National NRM update for December 2020 – January 2021. This update represents just a handful among the hundreds of NRM projects going on across Australia, which are made possible through funding from the Australian Government’s National Landcare Program and from respective State governments.
In 2018, the Australian and Tasmanian governments jointly committed funding for the River Health Action Plan – to be delivered by NRM North. The funding supports priority projects to improve Launceston’s combined sewerage and stormwater system.
Dairy, grazing and urban land use are the three largest contributors to pathogen loads in the greater estuary catchment and are also major controllable sources of nutrient and sediment loads. The program has produced four educational videos looking at various approaches to reducing pathogens loads in the estuary. For more information, visit https://nrmnorth.org.au/water/education/river-health-action-plan/
The Northern Agricultural Catchments Council has launched a partner project with the WA’s Department of Biodiversity, Conservation and Attractions to monitor the rare Foote’s Grevillea (Grevillea calliantha) and collect seed to safeguard the genetic diversity of this species. Foote’s Grevillea is only known to exist at six sites within an eight-kilometre range. Funded through NLP, the project enables propagation of seed stock and the revegetation at known sites, the establishment of a new population, and increased engagement of community and landholders to raise awareness and understanding of Foote’s Grevillea. The project is also working to boost the species recovery through improved management and threat abatement at known sites. Read more at the link: https://www.nacc.com.au/setting-seed-rescuing-footes-grevillea/
In Queensland’s Far North, Woodleigh Cattle Station owners have been working with Terrain NRM on improving the land through engineered rock chutes, repairs to old tin mining tailings dam complexes and changes to grazing practices. A new 50m rock chute, completed in December 2020, has been built to stop erosion and the ongoing loss of valuable topsoil.
Many landholders in this catchment area (upper Herbert) are still dealing with the impacts of historical mining practices and legacy erosion issues. The work is part of a larger Herbert Gully and Grazing Project, funded through the Australian Government’s Reef Trust IV program to target erosion hot spots, which prevents the loss of healthy top soil and productive land and reduces fine sediment loads flowing to the Great Barrier Reef lagoon. Visit https://terrain.org.au/rock-chute-for-erosion-control/ for more information.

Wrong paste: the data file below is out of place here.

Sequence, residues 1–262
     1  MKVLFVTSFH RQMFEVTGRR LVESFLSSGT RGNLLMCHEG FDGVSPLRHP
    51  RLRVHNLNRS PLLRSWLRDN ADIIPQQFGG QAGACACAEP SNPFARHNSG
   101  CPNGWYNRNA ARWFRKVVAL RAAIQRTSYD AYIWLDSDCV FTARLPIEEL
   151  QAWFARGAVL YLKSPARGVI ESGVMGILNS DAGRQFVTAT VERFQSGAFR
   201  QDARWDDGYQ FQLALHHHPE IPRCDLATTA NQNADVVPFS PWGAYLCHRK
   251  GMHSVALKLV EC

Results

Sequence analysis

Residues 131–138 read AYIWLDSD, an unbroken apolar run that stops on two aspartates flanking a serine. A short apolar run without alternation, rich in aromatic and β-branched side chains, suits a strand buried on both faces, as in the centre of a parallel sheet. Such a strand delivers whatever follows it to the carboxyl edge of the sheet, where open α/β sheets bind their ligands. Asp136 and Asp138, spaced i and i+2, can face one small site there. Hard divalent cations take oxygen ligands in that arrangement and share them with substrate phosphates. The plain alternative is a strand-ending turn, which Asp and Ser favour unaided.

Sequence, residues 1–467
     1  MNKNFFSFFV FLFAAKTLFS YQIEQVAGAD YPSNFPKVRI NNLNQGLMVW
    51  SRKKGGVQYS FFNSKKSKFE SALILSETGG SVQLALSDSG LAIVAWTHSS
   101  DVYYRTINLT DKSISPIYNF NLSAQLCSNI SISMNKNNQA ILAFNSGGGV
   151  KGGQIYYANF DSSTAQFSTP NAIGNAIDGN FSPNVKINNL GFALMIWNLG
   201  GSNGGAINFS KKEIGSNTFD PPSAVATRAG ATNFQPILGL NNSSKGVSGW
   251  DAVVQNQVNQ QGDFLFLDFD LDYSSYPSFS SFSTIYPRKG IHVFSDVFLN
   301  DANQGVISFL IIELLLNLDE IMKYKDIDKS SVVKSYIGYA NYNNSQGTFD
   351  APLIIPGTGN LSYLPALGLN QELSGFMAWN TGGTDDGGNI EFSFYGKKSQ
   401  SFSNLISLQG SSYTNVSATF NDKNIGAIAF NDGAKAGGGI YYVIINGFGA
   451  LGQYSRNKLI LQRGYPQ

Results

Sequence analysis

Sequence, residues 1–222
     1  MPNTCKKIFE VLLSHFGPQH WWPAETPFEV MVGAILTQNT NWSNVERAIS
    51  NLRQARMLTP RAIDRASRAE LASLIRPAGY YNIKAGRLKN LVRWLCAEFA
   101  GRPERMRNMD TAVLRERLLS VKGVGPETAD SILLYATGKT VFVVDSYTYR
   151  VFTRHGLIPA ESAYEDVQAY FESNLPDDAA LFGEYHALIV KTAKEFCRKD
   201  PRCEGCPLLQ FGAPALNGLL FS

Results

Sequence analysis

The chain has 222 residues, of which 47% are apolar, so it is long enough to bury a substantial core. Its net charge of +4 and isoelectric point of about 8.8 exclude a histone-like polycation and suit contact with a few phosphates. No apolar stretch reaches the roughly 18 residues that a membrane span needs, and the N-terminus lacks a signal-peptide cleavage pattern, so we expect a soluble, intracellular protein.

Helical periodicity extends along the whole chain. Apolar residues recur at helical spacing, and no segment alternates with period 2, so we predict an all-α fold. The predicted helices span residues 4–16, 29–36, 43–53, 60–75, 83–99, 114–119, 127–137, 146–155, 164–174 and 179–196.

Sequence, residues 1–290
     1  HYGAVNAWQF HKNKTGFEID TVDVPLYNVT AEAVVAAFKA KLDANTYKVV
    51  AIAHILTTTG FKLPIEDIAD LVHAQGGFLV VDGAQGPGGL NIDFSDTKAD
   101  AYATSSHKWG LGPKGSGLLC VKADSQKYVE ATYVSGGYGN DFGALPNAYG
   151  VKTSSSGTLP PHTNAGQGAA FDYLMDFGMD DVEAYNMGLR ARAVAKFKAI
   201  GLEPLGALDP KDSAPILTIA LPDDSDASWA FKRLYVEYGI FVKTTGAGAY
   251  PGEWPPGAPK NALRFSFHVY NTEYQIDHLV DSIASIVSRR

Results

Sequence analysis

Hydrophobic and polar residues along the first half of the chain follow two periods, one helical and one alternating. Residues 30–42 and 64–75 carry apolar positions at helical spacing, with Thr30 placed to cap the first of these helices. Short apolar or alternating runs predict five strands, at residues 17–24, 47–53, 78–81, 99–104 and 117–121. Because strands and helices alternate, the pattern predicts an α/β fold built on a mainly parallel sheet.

Glenelg Hopkins CMA (GHCMA) has released a 10-part video series on the Eastern Barred Bandicoot, highlighting the recovery work being undertaken by GHCMA, the Department of Environment, Land, Water and Planning, and the Eastern Barred Bandicoot Recovery Team in Hamilton, Victoria. The recovery program has been running since the 1980s and GHCMA have been involved with the project since the 1990s. Now listed as extinct in mainland Australia, the fox and cat-free reintroduction site in the Hamilton Community Parklands is home to around 100 bandicoots. The series of short videos can be viewed here: https://www.ghcma.vic.gov.au/projects/bandicoot/
A NSW government-funded program is providing grants of up to $10,000 for livestock owners to improve stock water infrastructure such as troughs, tanks, and dams. North Coast Local Land Services has identified that access to off-stream water for stock is a priority for recovery in the region post-fire and drought. By focusing on surface water and planning for fire risk, this project will help farmers to provide stock water infrastructure post fire, increase off stream water for livestock and improve animal health outcomes through better access to water. Participants will also have the opportunity to attend an on-farm workshop or webinar in the new year to learn more about stock water management options.
The grants are part of the Bushfire stimulus project for the recovery of the natural environment, farming enterprises, and local businesses after the 2019-20 bushfires. For more information, visit: https://www.lls.nsw.gov.au/regions/north-coast/latest-news-and-newsletters/nc-news/2020/north-coast-producers-to-access-stock-water-infrastructure-funding